VATICAN CITY, April 19 -- In his words and actions, the man who on Tuesday became Pope Benedict XVI has shown a determination to hold fast to the moral certainties that have guided him from the horrors of Nazi Germany through the tumult of the 1960s -- even though these beliefs appear to be falling out of public favor across Europe and much of the developed world.
The choice of Cardinal Joseph Ratzinger, 78, to succeed John Paul II signals a stubborn unwillingness by the hierarchy of the Roman Catholic Church to abandon Europe to secularism. Despite John Paul's efforts to re-evangelize the church's historic heartland, Catholicism has been waning for decades across Western Europe, and nowhere more than in the new pope's home country, where an ecclesiastical tax collected by the government has produced a well-funded church whose pews are largely empty and whose influence on public life is in decline.
Joseph Ratzinger raises his arms to greet hundreds of faithful in 1977 after being named the archbishop of Munich and Freising. The appointment effectively ended the academic career that he had built for years.
(Diether Endlicher -- AP)
The cardinals could have turned away from Europe and chosen a pope from the vibrant congregations of Latin America, Africa or Asia. But in electing Ratzinger they chose to make one more attempt to hold on to the Christian identity of the continent, said the Rev. Joseph Fessio, a friend and former doctoral student of the new pope.
Fessio, who is provost of Ave Maria University in Naples, Fla., said the name that Ratzinger chose for himself -- Benedict -- is a sign of his determination to re-energize European Catholicism.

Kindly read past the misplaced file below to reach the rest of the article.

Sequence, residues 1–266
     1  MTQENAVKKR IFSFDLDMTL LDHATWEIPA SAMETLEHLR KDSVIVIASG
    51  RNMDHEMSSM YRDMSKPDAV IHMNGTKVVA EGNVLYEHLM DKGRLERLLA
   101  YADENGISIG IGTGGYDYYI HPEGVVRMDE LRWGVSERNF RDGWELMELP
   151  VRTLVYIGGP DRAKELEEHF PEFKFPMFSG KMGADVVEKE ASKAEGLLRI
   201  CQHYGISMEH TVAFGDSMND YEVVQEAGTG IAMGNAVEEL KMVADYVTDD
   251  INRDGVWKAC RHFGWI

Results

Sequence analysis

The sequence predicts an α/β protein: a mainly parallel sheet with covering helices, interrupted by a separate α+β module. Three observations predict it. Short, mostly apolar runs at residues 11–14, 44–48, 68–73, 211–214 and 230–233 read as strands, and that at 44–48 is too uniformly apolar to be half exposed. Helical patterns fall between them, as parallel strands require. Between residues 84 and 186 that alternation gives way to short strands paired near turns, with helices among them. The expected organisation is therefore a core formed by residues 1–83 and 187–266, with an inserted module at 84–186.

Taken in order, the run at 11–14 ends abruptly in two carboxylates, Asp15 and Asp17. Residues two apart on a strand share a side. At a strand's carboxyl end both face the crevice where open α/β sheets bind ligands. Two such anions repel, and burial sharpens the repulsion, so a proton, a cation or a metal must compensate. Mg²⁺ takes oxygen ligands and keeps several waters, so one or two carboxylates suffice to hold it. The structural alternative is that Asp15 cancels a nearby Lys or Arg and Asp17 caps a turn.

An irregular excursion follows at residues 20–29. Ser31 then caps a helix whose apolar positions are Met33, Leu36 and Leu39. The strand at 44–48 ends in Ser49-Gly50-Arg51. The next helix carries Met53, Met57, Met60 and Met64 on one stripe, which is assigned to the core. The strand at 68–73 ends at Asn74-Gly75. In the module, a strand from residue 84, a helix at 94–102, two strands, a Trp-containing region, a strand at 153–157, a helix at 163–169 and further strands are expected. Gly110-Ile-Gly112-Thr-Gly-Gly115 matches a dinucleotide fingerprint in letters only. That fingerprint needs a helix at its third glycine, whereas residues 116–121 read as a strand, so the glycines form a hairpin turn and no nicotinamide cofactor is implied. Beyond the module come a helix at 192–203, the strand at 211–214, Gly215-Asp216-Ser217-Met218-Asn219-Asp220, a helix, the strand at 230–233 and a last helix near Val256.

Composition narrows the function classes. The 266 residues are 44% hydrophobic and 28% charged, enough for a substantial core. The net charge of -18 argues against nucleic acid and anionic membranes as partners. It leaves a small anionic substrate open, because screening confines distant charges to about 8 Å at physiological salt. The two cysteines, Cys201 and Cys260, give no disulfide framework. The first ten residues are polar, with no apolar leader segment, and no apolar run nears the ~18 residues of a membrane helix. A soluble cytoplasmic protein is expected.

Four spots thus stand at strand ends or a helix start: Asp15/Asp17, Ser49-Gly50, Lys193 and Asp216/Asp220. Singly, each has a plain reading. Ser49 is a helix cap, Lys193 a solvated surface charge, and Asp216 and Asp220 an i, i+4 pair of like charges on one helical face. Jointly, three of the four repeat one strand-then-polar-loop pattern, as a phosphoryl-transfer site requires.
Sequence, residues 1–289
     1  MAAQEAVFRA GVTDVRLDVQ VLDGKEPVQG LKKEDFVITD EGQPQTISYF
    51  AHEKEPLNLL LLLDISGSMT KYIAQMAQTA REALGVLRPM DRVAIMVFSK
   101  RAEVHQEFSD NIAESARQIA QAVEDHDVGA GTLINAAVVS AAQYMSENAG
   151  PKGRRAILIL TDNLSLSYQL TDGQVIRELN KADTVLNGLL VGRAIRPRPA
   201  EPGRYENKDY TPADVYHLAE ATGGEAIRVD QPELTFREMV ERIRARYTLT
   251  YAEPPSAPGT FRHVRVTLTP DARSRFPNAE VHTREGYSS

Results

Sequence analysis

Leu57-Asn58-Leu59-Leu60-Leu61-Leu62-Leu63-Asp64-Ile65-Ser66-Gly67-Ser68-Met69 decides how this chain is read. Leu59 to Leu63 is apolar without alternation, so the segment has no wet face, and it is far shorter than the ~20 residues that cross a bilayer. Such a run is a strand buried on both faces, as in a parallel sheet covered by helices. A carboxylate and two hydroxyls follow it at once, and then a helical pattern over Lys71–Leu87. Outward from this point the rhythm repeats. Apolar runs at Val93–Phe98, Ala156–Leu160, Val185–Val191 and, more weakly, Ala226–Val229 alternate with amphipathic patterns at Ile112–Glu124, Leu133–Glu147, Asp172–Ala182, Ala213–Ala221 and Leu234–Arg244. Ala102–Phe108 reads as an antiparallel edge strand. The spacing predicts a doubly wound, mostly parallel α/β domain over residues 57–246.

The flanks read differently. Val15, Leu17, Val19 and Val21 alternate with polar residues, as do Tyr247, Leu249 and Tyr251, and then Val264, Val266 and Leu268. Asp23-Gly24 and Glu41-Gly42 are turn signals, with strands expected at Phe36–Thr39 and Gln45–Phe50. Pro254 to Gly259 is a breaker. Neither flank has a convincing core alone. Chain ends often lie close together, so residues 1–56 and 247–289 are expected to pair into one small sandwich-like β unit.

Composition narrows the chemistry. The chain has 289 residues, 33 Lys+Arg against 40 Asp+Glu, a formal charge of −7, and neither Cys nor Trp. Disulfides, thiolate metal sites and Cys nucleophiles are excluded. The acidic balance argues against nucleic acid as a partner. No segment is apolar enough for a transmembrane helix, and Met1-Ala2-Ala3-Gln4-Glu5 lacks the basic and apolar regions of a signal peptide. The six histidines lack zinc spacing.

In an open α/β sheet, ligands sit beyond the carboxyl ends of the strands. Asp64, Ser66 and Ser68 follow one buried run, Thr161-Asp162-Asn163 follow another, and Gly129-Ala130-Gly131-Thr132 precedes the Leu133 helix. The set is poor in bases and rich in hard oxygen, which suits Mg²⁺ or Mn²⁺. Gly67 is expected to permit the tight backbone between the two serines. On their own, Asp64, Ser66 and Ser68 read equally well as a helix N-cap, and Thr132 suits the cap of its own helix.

"The Benedictine order, in the midst of a collapsing and immoral superpower called the Roman Empire, civilized and Christianized Europe," Fessio said. "Today, Cardinal Ratzinger is our best hope to revitalize Christian culture in Europe -- and probably our last chance, too."
Fessio and others who have worked closely over the years with Ratzinger say that his reputation as a harsh disciplinarian and intellectual bulldog does not conform with the affable man they know.
"He's a kind of simple person. He chuckles," said the Rev. Augustine DiNoia, a Dominican priest from the United States who served as Ratzinger's second-in-command at the Congregation for the Doctrine of the Faith, the Vatican department in charge of doctrinal orthodoxy.
Yet the new pope faces a major challenge: overcoming the perception that he is a cold, forbidding figure and demonstrating the friendly, pastoral instincts that made his predecessor so compelling, particularly to young Catholics. Unless Benedict can project a kindly aura and brighter outlook, it is hard to imagine how he can succeed where even John Paul failed, said Giuseppe Alberigo, a professor of church history at the University of Bologna who has known the new pope since the 1960s.
"He has a shy character, rather mild, but with a rigidity on important questions," Alberigo said. "I don't think that a pope with such a pessimistic vision will be able to deal with the great social problems of the world, or the issue of Islam."
Ratzinger's searing experience as a Nazi conscript during World War II left him with an abiding distrust of nationalism and socialism, along with a passionate belief in holding firm to enduring truths, according to those who know him well.
Born into a lower-middle-class family, Ratzinger grew up in Bavaria, a deeply Catholic and politically conservative region. His father was a rural police officer, his mother a cook in small hotels. His father, he has said, went to Mass three times each Sunday.
Ratzinger's biographer, John L. Allen Jr., has pointed out that his formative years coincided with the life span of the Third Reich. He was 6 when Adolf Hitler came to power in 1933 and 18 when the war ended in 1945.
Though his family made no public show of opposition -- in fact, one of his great uncles had written a series of crudely anti-Semitic books -- Ratzinger has described his father as opposing Nazism, largely as an outgrowth of his faith. "My father was one who with unfailing clairvoyance saw that a victory of Hitler's would not be a victory for Germany but rather a victory for the Antichrist," he wrote in his 1998 memoir, "Milestones."
Although the Roman Catholic Church in general and the wartime pope, Pius XII, in particular have been accused of not doing enough to oppose the Holocaust, Ratzinger's personal experience left him convinced that the church was the only institution that could stand up to false ideologies.